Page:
Building the circuit was pretty easy thanks to a very clever design. You would just put the diagram on a perforated wooden plate and use special springs and clips to attach components legs.



After building an optical barrier, a buzzer and some other fancy applications came the wild, risky time for experimentation. I noticed that glass packed diodes where looking like lamp bulbs and I wondered if they would react the same. Well, the diode did, but once and in a flash ! Ooooops, this was my first experience at burning an electronic component . The problem was that I had no idea on how to replace it: where would I get a spare one, at which cost and above all, which reference should I ask for ? This is how I learned about the BOMs !

Because I could not get help from home and because I wanted to be a clock maker at this time, layers of dust soon covered the box which probably disappeared many years ago when mother managed to tidy up my old stuff (she would have called that m…) when I left home for university. However this Philips kit gave me a first taste of what electronics was about and how components where working together.

40 years later, Arduino took over the lack of kits and proposes its lovely stater kit which in many ways matches the spirit of the Philips EE kits. A good idea for a present isn’t it ?


Thoughts of the day

Recent news struck some deep thoughts which have been rambling on my mind for a long time. A new tycoon announces that he will join the the gozinerous section from the gozillionaires club. That is great.

And I mean it. Spending money on education, welfare, better life is indisputably knowledgeable.

What questions me is the model. Consume petawatts of power dissipated in the blue sky (for what ?) and then care about the little birds, drill in people minds and then care about their education (did you read 1984 lately ?), benefit from infrastructures and spend $$$ in financial consultancy for not paying taxes. Is this this the model ?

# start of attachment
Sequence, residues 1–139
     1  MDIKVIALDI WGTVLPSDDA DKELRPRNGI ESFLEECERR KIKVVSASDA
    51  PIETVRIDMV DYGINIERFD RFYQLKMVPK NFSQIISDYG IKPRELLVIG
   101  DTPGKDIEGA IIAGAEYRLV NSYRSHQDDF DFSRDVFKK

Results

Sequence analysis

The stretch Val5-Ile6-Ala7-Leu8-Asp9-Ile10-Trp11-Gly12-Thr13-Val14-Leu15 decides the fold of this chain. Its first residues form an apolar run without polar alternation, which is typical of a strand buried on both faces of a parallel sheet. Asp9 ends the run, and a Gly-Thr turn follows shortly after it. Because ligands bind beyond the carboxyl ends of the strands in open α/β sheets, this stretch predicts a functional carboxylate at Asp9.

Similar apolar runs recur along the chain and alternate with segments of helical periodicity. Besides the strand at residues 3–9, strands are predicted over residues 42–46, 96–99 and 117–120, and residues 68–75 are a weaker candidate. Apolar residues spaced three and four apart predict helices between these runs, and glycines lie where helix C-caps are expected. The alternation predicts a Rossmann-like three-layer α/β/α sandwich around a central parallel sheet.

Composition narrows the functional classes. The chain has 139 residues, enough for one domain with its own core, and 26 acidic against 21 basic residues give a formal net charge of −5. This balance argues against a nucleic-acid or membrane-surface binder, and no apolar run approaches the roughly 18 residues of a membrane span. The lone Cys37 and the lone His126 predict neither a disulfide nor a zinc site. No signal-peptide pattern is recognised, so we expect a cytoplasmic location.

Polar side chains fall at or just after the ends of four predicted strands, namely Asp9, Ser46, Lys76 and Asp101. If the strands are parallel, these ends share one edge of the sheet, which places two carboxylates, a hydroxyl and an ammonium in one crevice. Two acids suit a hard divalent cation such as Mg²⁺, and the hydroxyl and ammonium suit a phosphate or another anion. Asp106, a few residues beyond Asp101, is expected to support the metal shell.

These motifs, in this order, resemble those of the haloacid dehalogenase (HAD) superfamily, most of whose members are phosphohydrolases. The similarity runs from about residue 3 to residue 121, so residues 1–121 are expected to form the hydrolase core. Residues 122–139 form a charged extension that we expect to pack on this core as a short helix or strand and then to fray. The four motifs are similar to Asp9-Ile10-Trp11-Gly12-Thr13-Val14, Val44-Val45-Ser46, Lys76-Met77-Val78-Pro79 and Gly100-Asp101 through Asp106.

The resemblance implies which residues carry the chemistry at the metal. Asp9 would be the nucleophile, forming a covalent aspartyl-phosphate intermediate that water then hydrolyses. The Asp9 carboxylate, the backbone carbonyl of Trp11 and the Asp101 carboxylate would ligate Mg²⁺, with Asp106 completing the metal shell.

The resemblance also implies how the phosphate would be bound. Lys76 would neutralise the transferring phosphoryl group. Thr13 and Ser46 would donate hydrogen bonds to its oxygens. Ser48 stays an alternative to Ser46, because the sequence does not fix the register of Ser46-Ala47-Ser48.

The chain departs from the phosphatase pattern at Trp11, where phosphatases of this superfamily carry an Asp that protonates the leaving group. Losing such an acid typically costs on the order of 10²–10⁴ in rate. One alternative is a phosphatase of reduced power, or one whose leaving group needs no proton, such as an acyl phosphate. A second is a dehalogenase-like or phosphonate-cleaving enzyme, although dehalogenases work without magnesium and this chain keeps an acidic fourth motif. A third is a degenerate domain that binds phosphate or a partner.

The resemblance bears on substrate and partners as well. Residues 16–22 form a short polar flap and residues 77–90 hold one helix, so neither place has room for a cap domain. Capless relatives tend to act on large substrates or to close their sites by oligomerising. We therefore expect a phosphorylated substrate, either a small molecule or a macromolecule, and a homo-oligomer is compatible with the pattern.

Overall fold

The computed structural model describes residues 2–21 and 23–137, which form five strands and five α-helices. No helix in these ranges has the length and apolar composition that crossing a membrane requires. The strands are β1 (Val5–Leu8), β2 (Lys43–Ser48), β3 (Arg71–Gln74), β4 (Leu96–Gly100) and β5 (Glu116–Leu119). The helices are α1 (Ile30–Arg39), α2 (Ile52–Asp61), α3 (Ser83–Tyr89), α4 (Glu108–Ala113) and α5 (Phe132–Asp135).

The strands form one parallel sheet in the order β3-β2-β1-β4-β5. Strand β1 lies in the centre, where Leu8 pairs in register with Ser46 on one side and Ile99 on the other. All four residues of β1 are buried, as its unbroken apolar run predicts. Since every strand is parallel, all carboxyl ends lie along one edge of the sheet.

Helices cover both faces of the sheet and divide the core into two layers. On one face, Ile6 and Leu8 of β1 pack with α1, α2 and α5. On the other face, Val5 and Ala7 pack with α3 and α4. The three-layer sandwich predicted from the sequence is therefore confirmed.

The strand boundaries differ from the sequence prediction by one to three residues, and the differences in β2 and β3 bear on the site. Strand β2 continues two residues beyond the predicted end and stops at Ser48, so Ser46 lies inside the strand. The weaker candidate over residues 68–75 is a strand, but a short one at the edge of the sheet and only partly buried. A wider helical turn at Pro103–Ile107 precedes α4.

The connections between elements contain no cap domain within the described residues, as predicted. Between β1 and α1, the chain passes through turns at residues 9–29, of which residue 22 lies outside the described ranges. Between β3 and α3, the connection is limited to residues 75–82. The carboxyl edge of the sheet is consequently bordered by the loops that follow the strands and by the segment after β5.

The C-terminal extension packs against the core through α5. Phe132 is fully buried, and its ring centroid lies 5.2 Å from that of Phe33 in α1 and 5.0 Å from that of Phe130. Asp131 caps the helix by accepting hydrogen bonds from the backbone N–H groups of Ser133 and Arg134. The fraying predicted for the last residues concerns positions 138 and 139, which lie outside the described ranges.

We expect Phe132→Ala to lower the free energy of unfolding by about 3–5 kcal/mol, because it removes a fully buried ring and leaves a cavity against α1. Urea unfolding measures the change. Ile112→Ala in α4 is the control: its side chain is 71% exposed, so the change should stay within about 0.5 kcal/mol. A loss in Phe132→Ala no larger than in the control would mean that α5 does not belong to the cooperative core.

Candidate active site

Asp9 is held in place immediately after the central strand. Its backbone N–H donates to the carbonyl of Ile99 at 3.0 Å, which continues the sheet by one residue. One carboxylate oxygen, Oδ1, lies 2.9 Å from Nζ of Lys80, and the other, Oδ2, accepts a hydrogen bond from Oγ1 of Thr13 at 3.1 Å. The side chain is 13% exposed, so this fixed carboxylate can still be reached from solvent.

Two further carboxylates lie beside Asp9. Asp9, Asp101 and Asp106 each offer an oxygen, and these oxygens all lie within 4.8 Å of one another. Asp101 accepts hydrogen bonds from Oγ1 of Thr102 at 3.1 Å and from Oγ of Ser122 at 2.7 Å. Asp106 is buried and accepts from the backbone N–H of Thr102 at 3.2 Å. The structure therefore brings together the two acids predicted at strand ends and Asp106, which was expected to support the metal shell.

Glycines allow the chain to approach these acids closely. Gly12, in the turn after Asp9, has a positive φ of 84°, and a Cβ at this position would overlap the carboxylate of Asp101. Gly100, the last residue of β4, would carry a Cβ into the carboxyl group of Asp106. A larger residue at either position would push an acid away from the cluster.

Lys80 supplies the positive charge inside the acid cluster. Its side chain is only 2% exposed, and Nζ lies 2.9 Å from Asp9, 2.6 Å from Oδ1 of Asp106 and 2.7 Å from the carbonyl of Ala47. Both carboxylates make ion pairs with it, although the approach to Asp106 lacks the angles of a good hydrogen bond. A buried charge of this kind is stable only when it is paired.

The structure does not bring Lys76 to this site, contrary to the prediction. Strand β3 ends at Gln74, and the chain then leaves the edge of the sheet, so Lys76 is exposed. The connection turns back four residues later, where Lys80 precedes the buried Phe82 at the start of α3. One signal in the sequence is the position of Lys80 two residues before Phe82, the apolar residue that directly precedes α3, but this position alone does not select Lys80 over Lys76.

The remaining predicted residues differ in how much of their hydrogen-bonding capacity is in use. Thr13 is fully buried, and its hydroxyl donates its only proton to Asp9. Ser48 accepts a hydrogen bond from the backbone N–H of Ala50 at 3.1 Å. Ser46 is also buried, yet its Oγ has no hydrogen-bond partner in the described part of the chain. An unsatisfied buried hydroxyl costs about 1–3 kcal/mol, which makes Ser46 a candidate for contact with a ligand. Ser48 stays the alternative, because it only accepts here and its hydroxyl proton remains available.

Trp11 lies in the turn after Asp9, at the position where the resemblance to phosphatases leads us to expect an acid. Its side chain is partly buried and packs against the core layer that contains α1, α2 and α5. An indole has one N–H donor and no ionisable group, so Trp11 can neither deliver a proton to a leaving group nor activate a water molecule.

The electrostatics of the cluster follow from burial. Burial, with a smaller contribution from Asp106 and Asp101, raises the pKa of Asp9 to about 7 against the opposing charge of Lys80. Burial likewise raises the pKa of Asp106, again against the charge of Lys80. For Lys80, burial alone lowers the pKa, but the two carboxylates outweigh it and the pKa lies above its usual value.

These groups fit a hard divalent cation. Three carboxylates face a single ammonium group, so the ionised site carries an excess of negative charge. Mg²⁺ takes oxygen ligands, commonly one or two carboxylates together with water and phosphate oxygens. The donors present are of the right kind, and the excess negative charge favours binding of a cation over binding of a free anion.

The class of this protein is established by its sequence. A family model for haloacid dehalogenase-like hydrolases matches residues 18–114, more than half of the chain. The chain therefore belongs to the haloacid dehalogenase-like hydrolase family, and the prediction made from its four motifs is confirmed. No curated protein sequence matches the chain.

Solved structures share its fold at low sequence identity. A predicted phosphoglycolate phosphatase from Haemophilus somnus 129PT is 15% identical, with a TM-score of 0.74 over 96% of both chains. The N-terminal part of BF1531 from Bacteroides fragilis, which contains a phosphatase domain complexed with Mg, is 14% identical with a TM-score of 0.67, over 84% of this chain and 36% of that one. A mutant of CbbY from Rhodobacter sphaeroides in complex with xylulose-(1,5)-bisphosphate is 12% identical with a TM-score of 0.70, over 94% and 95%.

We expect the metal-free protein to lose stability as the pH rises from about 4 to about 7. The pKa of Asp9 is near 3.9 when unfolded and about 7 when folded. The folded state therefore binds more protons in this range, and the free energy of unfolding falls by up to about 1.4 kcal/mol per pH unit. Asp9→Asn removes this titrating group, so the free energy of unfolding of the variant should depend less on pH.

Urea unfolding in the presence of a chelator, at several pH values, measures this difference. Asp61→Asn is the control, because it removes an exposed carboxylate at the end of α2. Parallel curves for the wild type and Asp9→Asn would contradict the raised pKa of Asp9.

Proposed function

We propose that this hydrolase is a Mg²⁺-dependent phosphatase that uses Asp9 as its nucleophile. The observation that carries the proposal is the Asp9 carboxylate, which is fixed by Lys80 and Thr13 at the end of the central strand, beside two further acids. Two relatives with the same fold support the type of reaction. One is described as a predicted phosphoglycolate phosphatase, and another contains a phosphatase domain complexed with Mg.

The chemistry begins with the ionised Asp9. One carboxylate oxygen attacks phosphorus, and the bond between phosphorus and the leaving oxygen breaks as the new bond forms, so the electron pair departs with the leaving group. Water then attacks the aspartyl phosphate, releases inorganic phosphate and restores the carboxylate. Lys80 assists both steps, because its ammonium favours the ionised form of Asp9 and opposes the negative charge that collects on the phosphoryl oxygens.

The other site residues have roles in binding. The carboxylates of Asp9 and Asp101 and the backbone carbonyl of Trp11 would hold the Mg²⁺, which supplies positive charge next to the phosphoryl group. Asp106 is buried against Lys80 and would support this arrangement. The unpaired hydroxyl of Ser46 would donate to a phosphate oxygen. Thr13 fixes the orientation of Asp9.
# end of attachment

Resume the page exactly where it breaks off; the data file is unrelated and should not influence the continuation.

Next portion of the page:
Silently, many, many other highly knowledgeable entrepreneurs run their business with a day to day concern for environment, education and public needs. From the beginning. I prefer this model.

Light a eCandle

Against the darkness of all dangers, fears and sadness, keep a eCandle light.

Take a piece a paper, a resistor, a LED, the following lines of code and light a eCandle. This may be a ePrayer for the victims of the vicious terrorist attacks in Paris.

/* Constants */
const int16_t _maxDutyCycle = 256;
/* Custom variables */
volatile uint8_t *_outputPort = &PORTB;
uint8_t _outputPin = PINB5;
int16_t _absMax = (_maxDutyCycle / 1);
int16_t _absMin = (_maxDutyCycle / 4);
uint16_t _interval = 2;
/* Application variables */
volatile uint8_t _pwmOutputPinMask = (1 << _outputPin);
uint8_t _defTCCR2B;
int16_t _min = _absMin;
int16_t _max = _absMax;
void setup(void)
	/* Initialize PWM */
	/* Set default values */


/* Fliker LED attached to the output pin */
void loop(void) 
	_max = random(_min, _absMax);
	for (int16_t i = _min; i <= _max; i++) {
	_min = random(_absMin, _max);
	for (int16_t i = _max; i >= _min; i--) {

/* Set up output pin and timer2, clockRate at 5 */
void InitializePWM(void)
	/* Set data direction */
	*(_outputPort - 1) |= _pwmOutputPinMask; 
	/* Set timer 2, Mode 3, aka Fast PWM mode */
	TCCR2A = (1 << WGM20) | (1 << WGM21); 		
	/* Set timer 2 prescaler */
	TCCR2B = 0x05;
	/* Record default value */
	_defTCCR2B = TCCR2B;
	/* Output Compare Match A Interrupt Enable and Overflow Interrupt Enable */
	TIMSK2 = (1 << OCIE2A) | (1 << TOIE2);

void DutyCycle(int16_t dutyCycle)
	if (dutyCycle <= 0) {
		dutyCycle = 0;
		/* Stop clock */
		TCCR2B = 0x00; 
		/* Set output pin to low state */
		*(_outputPort) &= ~_pwmOutputPinMask; 
	} else if (dutyCycle >= _maxDutyCycle) {
		dutyCycle = _maxDutyCycle;
		/* Stop clock */
		TCCR2B = 0x00; 
		/* Set output pin to high state */
		*(_outputPort) |= _pwmOutputPinMask; 
	} else {
		/* Set trigger level for next compare cycle */
		OCR2A = dutyCycle; 
		/* resume clock */
		TCCR2B = _defTCCR2B; 

/* Invoked after TCNT2 overflows */
	/* Set output pin to high state */
	*(_outputPort) |= _pwmOutputPinMask;  

/* Invoked after TCNT2 equals COMPA */
	/* Set output pin to low state */
	*(_outputPort) &= ~_pwmOutputPinMask;  

You may customize your own candle using the custom variables: _outputPort for any port,
_outputPin for any pin from this port, _absMax absolute max intensity, _absMin absolute min intensity and flickering intervals in milliseconds.